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Reading about producitivity lately, it seems that multi-tasking is a bad strategy* (and I certainly feel that it contributes to stress), but I'm not sure how to avoid it when working on legacy software that takes tens of minutes to compile.

What strategies can I use to avoid the overhead of task switching, without just sitting and watching my code compile?

I've tried doing small tasks (cleaning my desk, checking e-mail), but I go through tens of edit/compile cycles on this project per day, so quickly run out of trivial tasks to complete.

Alternatively, what are some strategies for managing context switches without burning out?

See:

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xkcd.com/303 - not useful, but related –  michaelc Aug 21 '11 at 6:04
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What language are you working with? I'm just curious if it is a modern one where something can be done or if really has to take 10 minutes to compile. –  Jeanne Boyarsky Aug 21 '11 at 23:54
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How about document the time spent waiting to compile, do a little match on it and see if you can use it to justify a faster machine (including an ssd drive) to you manager... –  eflat Feb 14 '12 at 0:12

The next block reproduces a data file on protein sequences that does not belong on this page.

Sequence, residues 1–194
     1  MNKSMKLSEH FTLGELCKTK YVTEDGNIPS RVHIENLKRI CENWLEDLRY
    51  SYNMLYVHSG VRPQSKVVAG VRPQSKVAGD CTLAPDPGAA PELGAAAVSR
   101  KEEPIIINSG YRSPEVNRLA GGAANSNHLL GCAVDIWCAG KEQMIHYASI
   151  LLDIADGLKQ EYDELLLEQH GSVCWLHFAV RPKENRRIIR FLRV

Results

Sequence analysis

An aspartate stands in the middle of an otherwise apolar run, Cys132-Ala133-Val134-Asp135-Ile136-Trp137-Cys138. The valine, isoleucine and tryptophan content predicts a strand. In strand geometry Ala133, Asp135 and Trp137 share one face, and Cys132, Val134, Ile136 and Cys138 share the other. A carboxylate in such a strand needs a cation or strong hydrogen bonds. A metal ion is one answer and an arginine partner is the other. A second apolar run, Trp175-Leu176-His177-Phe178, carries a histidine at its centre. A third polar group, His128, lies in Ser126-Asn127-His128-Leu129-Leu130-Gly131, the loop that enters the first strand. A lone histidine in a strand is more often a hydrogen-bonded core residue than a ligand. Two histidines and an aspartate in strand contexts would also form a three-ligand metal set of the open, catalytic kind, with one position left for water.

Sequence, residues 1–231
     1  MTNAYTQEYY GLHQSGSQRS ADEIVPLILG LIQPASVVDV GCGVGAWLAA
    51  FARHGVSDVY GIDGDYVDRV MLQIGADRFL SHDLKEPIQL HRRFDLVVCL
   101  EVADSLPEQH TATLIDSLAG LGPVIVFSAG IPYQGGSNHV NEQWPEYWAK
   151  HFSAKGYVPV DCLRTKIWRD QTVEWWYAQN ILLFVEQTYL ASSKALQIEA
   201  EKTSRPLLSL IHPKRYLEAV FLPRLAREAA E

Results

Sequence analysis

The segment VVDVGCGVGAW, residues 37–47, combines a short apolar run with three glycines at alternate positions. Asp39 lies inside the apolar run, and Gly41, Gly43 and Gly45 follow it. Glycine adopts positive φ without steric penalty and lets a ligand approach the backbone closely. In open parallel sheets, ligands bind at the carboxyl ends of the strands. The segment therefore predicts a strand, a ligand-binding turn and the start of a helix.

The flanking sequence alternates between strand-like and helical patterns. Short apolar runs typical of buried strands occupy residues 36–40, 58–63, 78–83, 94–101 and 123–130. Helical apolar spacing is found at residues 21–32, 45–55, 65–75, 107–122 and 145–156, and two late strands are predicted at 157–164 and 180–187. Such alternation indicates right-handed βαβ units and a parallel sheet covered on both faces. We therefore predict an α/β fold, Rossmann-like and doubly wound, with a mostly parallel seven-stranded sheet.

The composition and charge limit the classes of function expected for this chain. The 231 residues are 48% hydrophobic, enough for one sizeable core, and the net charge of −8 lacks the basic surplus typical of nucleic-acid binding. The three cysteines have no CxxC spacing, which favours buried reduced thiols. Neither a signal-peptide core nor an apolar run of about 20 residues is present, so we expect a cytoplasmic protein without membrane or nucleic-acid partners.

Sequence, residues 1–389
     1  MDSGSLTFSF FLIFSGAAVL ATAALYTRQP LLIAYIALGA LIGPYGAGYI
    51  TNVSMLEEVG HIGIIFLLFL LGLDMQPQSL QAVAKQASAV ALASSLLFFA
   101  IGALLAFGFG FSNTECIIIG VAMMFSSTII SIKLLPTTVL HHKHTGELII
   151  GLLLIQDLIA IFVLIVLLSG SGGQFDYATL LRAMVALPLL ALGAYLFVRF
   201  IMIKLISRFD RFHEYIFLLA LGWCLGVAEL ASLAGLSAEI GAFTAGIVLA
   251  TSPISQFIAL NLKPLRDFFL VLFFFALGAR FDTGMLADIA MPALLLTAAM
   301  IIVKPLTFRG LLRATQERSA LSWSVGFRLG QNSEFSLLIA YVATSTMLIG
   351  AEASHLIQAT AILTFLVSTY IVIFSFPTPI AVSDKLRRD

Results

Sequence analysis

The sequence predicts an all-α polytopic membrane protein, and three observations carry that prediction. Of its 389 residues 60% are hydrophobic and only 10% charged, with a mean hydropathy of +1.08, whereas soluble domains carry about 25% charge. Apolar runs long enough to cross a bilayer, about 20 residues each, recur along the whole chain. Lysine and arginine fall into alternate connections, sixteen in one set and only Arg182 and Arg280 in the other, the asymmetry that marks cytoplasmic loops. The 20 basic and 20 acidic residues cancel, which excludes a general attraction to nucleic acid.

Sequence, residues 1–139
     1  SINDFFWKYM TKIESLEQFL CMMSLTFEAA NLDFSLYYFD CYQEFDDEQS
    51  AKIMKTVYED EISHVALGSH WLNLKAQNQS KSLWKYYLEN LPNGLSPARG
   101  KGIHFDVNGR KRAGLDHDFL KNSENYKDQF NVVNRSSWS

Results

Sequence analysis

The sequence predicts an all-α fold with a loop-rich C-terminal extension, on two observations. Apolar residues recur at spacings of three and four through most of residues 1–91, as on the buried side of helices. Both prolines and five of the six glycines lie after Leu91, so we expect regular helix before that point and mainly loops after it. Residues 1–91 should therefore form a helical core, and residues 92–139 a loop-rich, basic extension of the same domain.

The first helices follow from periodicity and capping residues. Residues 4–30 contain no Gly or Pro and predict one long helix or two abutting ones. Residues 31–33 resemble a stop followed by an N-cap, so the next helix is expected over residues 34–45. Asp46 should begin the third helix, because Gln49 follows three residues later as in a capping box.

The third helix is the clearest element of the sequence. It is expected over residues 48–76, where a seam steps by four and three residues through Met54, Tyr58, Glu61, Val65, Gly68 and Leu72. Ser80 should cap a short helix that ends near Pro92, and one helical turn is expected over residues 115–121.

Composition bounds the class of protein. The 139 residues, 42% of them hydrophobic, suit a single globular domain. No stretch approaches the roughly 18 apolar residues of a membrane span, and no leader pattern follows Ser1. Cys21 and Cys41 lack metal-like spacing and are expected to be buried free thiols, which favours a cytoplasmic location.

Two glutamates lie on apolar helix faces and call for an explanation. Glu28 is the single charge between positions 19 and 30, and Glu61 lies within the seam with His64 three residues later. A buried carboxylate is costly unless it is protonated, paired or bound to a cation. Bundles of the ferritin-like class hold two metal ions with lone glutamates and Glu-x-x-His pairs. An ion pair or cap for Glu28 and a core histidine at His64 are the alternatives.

I have switched from using C++ to D, Ada, and various other languages, where using a compiled language matters. Now I never have this question of what to do while waiting. No more a few minutes of fun... –  DarenW Sep 20 '12 at 0:00
    
+1 for saving up for an SSD...... –  naxa May 22 '13 at 13:43

12 Answers 12

Multi-tasking is deemed bad; so indeed, stay coding...

  • Figure out how to make your code compile faster, a very interesting thing to look into.

  • Figure out how to need less edit/complie cycles; defensive programming can help you avoid bugs.

  • Use Test Driven Development, so that you need to compile the tests rather than the whole product.

  • Think about the next thing you have to code.

Surely, this should provide you a way to decrease context switches as well as to code more efficiently.

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This is probably an individual difference, but for me multitasking by quickly switching between multiple aspects/tasks in the same project is precisely the easiest way to get myself confused and unproductive. –  weronika Aug 23 '11 at 2:07
    
@weronika: Multi-taksing usually refers to switching context, which does not take place here. Consider the gain/loss of my suggestions, I doubt if making your code compilation take 10 minutes less than it usually does would make you confused and less productive. As well as doing anything to avoid compilation while at the same time you apply tests and defensive programming. It can't get much better than that... –  Tom Wijsman Aug 27 '11 at 0:49
    
It feels like context-switching to me - even within one project there are usually different "contexts", since I can't keep the entire thing in working memory at once. I definitely agree that all the things you mentioned are worth doing, but they might be worth spending a few continuous hours on instead of going back and forth in ten-minute pieces. –  weronika Aug 27 '11 at 6:34